When Making Sous Vide Turkey Breast, Remove The Skin And Roast Separately

If you think turkey breast cooked at home is dry and unappealing, you've never tried a sous vide version of the bird. Sous vide is a method that requires putting your food in a vacuum-sealed bag and using a hot water bath to do the cooking. This low-and-slow method turns out a succulent and juicy turkey breast that's better than anything you've likely made before. However, there's one very minor drawback to this preparation method. Often, the turkey skin doesn't get brown and crispy with sous vide cooking. Fortunately, there is a way to account for that.

In the long list of foods that are wonderful when prepared by the sous vide method, many of them are foods that don't need browning for flavor, such as custards and vegetables. For others, like steak or poultry, the recipe might suggest a post-cooking sear or pass with a kitchen torch to achieve that attractive golden brown exterior. But for turkey breast, the easiest method is to simply slip the skin off the meat before it goes in the sous vide bag. Then, when the meat is ready, the skin can go in a hot oven to roast, crisping up to be served alongside the sliced turkey.

Roast turkey skin in two simple steps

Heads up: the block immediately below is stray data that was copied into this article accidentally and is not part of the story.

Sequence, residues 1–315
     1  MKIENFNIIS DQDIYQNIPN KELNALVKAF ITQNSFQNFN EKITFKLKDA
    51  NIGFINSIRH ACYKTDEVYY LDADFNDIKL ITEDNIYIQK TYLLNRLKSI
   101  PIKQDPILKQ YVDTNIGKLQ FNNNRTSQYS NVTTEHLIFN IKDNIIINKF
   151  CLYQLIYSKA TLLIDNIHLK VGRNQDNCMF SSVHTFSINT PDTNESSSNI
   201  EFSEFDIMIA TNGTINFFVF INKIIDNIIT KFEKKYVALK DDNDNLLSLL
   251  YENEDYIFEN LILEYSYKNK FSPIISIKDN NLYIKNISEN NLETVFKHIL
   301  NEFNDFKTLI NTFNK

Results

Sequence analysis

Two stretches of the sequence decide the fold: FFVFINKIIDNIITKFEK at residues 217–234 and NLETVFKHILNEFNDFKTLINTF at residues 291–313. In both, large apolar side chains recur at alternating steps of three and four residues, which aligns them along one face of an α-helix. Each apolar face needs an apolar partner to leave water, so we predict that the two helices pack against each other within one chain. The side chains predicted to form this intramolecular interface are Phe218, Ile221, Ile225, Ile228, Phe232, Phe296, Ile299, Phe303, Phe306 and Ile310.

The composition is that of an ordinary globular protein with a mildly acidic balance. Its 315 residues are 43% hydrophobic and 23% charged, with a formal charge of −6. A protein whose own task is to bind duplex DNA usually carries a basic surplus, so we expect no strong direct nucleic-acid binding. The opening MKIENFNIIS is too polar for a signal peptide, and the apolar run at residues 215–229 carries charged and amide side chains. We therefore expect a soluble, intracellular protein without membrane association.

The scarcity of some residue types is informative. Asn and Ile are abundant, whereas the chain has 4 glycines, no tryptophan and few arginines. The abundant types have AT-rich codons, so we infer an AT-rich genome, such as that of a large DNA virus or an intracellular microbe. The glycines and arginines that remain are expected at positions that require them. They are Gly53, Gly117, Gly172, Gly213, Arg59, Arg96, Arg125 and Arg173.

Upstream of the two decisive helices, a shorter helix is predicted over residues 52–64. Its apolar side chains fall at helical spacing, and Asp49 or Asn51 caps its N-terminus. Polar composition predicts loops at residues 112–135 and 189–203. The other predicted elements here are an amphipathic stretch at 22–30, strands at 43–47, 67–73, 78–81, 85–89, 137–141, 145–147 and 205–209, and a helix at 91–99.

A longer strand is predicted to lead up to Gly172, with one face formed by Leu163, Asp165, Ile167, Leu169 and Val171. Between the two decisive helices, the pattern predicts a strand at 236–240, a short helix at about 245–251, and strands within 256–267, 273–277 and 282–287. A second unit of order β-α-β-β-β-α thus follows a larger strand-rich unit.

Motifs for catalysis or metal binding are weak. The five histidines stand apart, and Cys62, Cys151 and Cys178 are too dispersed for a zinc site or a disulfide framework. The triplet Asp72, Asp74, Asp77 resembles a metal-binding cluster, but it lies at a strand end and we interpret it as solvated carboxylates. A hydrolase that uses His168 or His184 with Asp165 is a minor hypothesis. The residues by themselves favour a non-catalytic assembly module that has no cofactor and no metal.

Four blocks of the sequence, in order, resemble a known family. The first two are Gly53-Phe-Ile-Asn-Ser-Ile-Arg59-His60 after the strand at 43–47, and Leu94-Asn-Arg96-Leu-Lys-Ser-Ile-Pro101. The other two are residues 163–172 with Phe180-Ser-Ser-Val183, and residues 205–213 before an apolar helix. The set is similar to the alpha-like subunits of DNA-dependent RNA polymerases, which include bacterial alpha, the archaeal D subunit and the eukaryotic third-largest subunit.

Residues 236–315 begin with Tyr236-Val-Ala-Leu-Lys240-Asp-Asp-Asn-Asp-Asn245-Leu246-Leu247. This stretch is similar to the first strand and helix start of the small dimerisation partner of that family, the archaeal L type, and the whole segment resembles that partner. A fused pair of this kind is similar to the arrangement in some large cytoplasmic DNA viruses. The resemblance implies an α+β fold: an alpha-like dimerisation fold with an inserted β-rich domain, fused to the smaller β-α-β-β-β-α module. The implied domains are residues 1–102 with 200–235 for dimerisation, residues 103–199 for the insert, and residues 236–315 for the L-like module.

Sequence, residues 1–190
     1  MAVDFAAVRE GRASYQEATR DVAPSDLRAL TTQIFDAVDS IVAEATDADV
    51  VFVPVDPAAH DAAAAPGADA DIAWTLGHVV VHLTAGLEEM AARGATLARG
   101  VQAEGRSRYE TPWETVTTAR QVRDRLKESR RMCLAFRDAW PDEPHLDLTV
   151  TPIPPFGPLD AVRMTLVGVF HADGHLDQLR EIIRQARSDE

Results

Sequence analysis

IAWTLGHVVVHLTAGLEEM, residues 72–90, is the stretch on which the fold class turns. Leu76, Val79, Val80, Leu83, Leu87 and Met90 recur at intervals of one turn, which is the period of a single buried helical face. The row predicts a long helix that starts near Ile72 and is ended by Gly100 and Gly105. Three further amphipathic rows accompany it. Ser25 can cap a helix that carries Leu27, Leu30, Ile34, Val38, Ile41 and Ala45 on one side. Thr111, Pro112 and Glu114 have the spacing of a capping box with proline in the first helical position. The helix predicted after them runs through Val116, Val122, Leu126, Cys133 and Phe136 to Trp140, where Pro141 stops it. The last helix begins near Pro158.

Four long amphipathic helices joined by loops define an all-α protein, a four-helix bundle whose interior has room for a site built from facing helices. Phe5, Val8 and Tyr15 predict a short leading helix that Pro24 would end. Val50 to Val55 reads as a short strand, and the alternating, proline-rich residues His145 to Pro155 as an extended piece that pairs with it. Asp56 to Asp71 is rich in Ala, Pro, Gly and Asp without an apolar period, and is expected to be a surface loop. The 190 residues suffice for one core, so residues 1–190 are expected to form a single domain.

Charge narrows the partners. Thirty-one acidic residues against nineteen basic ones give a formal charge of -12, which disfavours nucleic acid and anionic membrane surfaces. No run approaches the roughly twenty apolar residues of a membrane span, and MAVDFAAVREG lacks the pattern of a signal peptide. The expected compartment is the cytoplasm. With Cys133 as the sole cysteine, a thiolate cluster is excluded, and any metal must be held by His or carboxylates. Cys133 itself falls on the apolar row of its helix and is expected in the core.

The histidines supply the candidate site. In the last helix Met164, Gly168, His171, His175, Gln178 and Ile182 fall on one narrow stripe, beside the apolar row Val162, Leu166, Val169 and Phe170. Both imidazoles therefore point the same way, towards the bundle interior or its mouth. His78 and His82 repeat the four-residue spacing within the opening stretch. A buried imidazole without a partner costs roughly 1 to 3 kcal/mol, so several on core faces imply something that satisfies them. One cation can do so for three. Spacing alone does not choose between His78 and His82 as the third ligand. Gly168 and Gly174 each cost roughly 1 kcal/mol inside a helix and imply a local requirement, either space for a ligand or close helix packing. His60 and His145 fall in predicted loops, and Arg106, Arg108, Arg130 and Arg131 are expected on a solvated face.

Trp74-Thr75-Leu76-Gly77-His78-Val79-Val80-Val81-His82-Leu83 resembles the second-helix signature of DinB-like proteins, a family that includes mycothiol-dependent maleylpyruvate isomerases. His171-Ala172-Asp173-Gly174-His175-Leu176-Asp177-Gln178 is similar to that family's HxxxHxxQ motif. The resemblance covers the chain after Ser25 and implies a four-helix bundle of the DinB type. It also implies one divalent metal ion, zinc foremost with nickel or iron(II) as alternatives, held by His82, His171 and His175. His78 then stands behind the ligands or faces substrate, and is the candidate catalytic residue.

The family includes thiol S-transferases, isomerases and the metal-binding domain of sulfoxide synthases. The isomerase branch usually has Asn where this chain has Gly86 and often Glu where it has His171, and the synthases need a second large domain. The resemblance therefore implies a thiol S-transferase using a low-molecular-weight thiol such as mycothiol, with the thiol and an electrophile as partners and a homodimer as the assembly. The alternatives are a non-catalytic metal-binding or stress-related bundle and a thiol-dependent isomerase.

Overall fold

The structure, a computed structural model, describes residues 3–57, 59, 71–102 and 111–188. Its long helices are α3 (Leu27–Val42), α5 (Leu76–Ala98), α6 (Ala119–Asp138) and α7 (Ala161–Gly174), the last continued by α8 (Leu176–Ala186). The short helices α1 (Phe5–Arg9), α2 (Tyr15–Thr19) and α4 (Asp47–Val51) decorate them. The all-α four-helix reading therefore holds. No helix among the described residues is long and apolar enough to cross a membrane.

Sous vide is a wonderful technique for getting perfectly cooked turkey breast, whether you want to serve it as carved slices for dinner or layer it into a savory club sandwich. Most turkey breast is sold with the skin on, but it's easy to lift the skin away from the meat gently before placing the meat in your sous vide bag. So-called dry brining is the key to flavorful meat when roasting, and it works the same for sous vide. Sprinkle your favorite aromatic blend of salt and spices onto the meat, then just seal the bag and cook it per your recipe.

To crisp up the skin, pat it dry and lightly sprinkle with salt and pepper. Lay the skin out flat on a baking sheet and prick the fatty parts with a fork so the steam will release. Bake at 375 degrees Fahrenheit for 10 minutes, rotating the pan so that each area gets even heat. The skin might take up to 20 minutes to fully brown and crisp, but the flavor and texture make it worth the time investment. You won't be able to lay this back on your cooked turkey meat, as it's more of a garnish that you can crumble on or munch on the side. Regardless, this is a way to get all the benefits of sous vide and oven-roasting for your turkey at the same time.